West says: “With our view of Asia and because we have a better understanding of the market and because those markets have a higher retail investor participation we think of and anticipate the cycles within the cycle.”
As an aside, that’s where the firm’s name comes from. It refers to the knack of elite sports people to be able to anticipate the speed and direction of play so that they can predict where a player, or ball, will be in a second or two.
He says: “The good thing about Asia is the depth of individual sectors. It’s still the hub of global manufacturing. We’ve spent 10 years identifying the supply chains and when the majority of participants are involved in a trend it’s a very good indicator.” The manager usually starts with a small position in a stock and builds it when it discovers more data points.
Another feature of its style is a higher turnover than most long-only managers – about five times a year – and a much higher active share (proportion not in the index) in the long part of the portfolio.
“There is better risk-rewards in the short term,” West says. “That’s what we did at Regal, where we also had very large active weights.”
He says Longlead is neither a growth nor value manager and tends to be out of a position by the time momentum comes into view. “We read momentum as ‘the crowd’, which has missed the best opportunity.”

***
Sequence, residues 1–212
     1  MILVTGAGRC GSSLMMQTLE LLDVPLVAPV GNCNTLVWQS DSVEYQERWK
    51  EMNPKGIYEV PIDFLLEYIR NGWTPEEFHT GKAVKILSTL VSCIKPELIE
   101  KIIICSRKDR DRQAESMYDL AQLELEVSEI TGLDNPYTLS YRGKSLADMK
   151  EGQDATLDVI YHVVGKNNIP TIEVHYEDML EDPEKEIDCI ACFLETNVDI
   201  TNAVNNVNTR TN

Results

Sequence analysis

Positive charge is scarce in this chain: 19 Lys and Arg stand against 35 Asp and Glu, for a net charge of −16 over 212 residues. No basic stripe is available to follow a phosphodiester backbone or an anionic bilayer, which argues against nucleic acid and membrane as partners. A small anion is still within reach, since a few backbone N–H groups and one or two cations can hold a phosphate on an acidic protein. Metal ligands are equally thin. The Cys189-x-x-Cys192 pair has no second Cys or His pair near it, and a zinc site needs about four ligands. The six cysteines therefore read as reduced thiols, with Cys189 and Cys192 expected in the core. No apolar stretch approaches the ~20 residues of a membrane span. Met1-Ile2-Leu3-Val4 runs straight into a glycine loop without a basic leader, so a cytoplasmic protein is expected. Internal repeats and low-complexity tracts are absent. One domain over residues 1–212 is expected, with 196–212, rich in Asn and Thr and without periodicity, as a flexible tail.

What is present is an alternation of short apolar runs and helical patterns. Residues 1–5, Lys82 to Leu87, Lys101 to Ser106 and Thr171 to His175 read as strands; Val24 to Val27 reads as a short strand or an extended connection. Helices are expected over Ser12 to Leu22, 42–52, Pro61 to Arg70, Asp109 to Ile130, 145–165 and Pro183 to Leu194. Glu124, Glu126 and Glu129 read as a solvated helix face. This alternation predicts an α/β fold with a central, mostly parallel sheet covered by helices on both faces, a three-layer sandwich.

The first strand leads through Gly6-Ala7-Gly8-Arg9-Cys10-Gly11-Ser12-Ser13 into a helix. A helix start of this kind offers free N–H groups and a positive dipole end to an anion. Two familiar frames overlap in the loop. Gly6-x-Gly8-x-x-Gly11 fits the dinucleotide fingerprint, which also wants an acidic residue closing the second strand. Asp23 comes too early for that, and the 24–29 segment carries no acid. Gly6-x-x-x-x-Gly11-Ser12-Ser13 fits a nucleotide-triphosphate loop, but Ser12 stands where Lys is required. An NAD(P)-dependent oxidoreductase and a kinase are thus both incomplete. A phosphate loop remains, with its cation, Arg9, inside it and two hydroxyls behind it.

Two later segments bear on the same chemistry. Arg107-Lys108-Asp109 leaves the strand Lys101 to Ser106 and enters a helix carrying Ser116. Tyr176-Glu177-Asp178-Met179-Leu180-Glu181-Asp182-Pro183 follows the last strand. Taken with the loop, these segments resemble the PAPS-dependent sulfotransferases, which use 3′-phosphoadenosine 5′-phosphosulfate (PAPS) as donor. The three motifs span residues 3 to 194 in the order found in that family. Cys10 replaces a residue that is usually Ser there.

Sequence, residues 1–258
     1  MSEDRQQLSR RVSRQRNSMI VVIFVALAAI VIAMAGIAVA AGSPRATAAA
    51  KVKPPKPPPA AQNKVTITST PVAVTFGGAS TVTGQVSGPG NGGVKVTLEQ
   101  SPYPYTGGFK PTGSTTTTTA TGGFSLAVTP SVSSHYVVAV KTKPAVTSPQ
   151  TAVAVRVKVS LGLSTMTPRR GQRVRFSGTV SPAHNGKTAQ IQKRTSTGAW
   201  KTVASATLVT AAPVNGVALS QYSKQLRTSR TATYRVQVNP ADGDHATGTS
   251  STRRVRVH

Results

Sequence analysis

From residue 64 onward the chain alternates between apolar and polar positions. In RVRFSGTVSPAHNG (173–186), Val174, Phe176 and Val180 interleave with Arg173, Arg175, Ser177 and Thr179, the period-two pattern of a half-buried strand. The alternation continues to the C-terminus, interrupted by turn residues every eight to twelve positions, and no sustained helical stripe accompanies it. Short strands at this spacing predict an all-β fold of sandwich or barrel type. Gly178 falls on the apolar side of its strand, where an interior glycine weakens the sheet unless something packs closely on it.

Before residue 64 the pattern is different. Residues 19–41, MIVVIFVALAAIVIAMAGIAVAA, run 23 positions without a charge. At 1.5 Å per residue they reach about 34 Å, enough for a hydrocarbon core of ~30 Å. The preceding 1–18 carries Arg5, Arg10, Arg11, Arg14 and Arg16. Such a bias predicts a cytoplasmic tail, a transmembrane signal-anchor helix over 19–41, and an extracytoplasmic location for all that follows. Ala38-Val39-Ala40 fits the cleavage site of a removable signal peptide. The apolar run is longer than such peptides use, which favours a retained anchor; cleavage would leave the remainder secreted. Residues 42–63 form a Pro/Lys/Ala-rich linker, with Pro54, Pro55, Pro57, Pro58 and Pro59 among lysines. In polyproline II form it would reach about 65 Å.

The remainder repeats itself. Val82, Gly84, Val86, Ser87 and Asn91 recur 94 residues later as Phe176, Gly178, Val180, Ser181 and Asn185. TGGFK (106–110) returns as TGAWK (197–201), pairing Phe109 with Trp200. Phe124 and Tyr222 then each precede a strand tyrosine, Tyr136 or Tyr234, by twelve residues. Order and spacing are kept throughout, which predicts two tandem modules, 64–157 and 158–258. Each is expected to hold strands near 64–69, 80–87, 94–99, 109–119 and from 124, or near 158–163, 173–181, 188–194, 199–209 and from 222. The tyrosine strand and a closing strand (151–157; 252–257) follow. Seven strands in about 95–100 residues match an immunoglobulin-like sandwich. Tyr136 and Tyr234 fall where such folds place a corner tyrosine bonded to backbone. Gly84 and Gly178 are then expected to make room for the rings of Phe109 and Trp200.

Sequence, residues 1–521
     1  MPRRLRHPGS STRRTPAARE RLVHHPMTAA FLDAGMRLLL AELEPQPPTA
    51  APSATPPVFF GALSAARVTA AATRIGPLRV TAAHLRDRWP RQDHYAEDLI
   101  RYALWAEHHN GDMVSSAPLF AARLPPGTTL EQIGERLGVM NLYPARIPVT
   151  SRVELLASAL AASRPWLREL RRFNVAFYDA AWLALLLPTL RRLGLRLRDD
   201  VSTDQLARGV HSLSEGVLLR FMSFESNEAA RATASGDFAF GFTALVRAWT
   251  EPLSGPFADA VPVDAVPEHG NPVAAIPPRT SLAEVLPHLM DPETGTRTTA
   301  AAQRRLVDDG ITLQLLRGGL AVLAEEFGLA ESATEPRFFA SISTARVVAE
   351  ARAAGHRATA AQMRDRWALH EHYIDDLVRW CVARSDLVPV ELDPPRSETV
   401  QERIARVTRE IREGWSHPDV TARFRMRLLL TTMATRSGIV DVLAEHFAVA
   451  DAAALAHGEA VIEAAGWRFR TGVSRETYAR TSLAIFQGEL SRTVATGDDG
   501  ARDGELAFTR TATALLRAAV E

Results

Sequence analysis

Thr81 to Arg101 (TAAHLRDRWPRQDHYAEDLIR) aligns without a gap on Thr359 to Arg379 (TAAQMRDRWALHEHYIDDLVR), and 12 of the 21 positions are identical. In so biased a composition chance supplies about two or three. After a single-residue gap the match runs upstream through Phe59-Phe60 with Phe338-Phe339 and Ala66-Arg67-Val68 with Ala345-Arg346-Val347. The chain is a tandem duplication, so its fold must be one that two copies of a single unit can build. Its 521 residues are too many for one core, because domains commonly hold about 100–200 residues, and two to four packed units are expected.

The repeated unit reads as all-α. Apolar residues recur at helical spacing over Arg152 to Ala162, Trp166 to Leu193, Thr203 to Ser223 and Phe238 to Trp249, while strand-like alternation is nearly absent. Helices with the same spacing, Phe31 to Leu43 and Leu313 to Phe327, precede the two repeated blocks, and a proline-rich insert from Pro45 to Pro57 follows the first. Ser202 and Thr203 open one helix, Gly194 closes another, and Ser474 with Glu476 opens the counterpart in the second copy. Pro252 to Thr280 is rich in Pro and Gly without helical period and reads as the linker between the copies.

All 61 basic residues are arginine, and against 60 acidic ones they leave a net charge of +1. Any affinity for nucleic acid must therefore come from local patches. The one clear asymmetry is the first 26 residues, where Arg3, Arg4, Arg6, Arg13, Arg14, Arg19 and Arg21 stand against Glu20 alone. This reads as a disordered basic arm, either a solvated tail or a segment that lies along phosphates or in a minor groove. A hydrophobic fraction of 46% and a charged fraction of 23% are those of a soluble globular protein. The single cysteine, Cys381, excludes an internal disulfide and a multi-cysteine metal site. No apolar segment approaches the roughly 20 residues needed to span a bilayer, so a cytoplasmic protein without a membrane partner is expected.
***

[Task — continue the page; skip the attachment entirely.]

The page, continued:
Unlike a lot of long/short mangers it does not use any quant screens on the short side, preferring the same fundamental research as with the long side. An example of successful shorting was with the trade war between the US and China.
“This became evident late in 2017,” West says, “and in 2018 when Trump ratchetted up tariff policies a lot of companies became very concerned, so they cut their cap-ex. The implication was that that companies which sold into that would suffer. Some companies, such as Yaskawa, a Japanese manufacturer of electronic components, had been capitalising peak earnings at peak multiples because of momentum investors when the price fell and ETF money started to come out… It’s not about discovering accounting frauds, it’s about fundamental research.”
The first piece of the return to investors in such a shorting scenario is in the earnings surprise and the second piece is in a de-rating of the stock.
Longlead believes that trade tensions will remain in place under a Biden presidency as he first focuses on the domestic situation in the US and shoring up relations with the country’s allies. West says President Biden is likely to focus on multi-lateral agreements (rather than unilateral tariffs) and will use these to assist its agenda on things such as IP protection. But, overall, the Biden victory is good for the region.
By Greg Bright
Note: Longlead Capital is a sponsor of Investor Strategy News.